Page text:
Yale football in contention for Ivy League title midway through season

Yale was the only 0-1 football team in the Ivy League after a 38-14 loss to No. 18 Holy Cross Sept. 17. From there, big wins over the likes of Cornell and Dartmouth solidified Yale’s place as a contender for the conference championship.

“It’s like a different football team,” head coach Tony Reno said of the team’s growth. “I think the tangible areas, like what you see: scores, tackles, yards. The intangible areas are the growth they’ve made in preparation and also the demeanor we have in games.”

Yale is now 4-1, 2-0 in the Ivy League.

However, the Bulldogs’ biggest tests are in the coming weeks as it continues its conference schedule against three other 2-0 conference teams. Penn and Princeton, both 5-0 overall, are both daunting opponents for Yale. 

Unsurprisingly, the biggest match of the year will be the 138th iteration of The Game — the annual season finale against Harvard (4-1). This will be the first time since 2016 The Game will be played at Harvard Stadium. 

“We’re going to be in dogfights the rest of the way through,” Reno said. “We’ve got to be able to have that same demeanor to be able to push through and get the outcomes we want.”

Dogs gotta run

Perhaps Yale’s biggest strength is being able to get the ball down the field. The Bulldogs lead the league in total offense, with 423 yards per game. Tre Peterson (440) and Nolan Grooms (409) rank No. 2 and No. 3 in the Ivy League for total rushing yards, which speaks volumes as Grooms is a quarterback, not a running back. 

The newest addition to the rushing core is rookie Joshua Pitsenberger. With 55 rushing yards per game, he’s made a name for himself on the roster. On Thursday, Pitsenberger was one of 25 players named to the Jerry Rice Award Watch List. At the end of the season, the award will go to the top freshman in FCS.

Closing out games

The Elis’ biggest weakness thus far has been playing tough through the full 60 minutes. In weeks two, three, and four, Yale overpowered its opponents (Cornell, Howard, and Dartmouth), but made things tight as time was winding down. Across those three games, opponents outscored Yale 34-7 in the fourth quarter.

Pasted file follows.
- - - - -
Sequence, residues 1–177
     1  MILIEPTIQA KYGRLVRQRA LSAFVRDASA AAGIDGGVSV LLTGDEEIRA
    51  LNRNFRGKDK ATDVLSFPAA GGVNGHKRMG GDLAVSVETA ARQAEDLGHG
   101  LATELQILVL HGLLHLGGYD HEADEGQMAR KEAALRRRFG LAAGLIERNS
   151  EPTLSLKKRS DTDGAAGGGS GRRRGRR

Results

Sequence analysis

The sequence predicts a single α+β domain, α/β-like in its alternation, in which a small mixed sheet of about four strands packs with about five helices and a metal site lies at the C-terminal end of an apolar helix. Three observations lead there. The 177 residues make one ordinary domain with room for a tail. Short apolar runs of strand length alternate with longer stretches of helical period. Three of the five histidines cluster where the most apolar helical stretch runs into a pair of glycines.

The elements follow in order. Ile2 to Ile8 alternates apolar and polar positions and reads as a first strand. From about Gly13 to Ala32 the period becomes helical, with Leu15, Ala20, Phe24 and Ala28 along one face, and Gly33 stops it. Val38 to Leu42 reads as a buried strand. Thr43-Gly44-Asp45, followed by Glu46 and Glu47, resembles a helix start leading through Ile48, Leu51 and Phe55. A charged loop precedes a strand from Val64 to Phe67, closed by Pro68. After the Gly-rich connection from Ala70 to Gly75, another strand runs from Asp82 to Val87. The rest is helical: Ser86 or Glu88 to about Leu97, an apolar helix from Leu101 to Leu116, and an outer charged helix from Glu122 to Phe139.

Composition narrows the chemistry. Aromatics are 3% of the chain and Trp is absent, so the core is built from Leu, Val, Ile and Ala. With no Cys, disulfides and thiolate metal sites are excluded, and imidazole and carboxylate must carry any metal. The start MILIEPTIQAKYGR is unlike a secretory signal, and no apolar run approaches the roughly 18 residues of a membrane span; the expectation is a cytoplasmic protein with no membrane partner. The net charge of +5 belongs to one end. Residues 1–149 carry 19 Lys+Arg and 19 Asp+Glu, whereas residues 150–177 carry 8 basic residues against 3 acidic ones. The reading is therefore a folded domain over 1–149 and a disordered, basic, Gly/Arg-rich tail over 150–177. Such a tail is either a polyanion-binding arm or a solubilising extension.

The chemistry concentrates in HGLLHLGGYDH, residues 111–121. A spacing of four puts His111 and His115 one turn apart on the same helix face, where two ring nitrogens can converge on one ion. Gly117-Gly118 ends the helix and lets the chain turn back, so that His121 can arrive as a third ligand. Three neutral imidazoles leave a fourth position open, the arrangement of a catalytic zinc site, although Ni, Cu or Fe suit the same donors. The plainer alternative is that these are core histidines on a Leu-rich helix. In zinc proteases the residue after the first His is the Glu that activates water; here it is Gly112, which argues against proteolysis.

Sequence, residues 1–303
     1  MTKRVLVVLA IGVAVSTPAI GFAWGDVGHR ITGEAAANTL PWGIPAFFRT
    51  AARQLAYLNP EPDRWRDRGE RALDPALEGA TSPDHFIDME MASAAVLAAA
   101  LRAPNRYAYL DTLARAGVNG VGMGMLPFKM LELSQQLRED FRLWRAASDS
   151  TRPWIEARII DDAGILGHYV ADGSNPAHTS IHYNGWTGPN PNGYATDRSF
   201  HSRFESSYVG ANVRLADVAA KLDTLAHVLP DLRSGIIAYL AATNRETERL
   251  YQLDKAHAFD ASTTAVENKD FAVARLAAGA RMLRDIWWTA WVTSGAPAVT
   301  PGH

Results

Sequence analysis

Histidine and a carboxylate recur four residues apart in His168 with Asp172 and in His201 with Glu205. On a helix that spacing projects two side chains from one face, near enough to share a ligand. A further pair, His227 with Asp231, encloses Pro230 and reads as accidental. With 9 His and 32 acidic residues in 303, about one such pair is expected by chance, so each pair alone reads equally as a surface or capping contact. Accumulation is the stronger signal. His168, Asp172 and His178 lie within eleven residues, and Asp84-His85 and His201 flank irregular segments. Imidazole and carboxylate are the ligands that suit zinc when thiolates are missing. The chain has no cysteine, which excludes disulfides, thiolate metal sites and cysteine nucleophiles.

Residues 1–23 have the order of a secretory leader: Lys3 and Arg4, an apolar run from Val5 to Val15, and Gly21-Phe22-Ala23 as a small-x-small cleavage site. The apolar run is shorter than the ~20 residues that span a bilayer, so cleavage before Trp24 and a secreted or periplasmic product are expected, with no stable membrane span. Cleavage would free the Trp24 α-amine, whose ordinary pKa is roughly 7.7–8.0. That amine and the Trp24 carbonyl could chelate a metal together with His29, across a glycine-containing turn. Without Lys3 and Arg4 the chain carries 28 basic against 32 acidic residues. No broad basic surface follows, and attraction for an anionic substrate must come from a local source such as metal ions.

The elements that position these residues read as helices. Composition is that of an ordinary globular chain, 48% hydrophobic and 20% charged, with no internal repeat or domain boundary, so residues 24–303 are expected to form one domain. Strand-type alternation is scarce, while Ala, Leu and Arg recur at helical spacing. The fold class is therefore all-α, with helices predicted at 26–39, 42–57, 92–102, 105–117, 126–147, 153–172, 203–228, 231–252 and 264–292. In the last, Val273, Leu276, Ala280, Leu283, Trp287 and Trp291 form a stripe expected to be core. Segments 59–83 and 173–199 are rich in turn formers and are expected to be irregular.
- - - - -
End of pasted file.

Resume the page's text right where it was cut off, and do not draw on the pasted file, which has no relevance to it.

Cruising through the home stretch seems like a reason for concern, but Reno isn’t too worried.

“We ran the clock out at Cornell and I think for a big part of the Howard [game],” he said after week four’s win over Dartmouth. “You have an opportunity to close the game out earlier… we can’t allow opponents to have an opportunity to come back in the game.”

The Bulldogs proved their abilities to finish strong in week five against Bucknell. The Yale defense only allowed nine yards in the final quarter as the Bulldogs outscored the Bison 13-0. 

Looking ahead

With five weeks remaining — all of which include games against conference rivals — every game matters. As it stands, all teams in the Ivy League are either 2-0 or 0-2 in conference play. Penn, Princeton, and Harvard join Yale at the top of the standings.

Both Yale and Harvard are 4-1 overall with losses to nationally ranked Holy Cross, while Penn and Princeton each have 5-0 records. Although Princeton (No. 23) and Penn (RV) were both recognized in the latest FCS coaches poll, all four teams look about even. This week’s games — Yale at Penn and Princeton at Harvard — should provide more clarity on which teams are favorites to bring home the Ivy title. 

Yale heads to Philadelphia to play Penn on Saturday (1 p.m., ESPN+).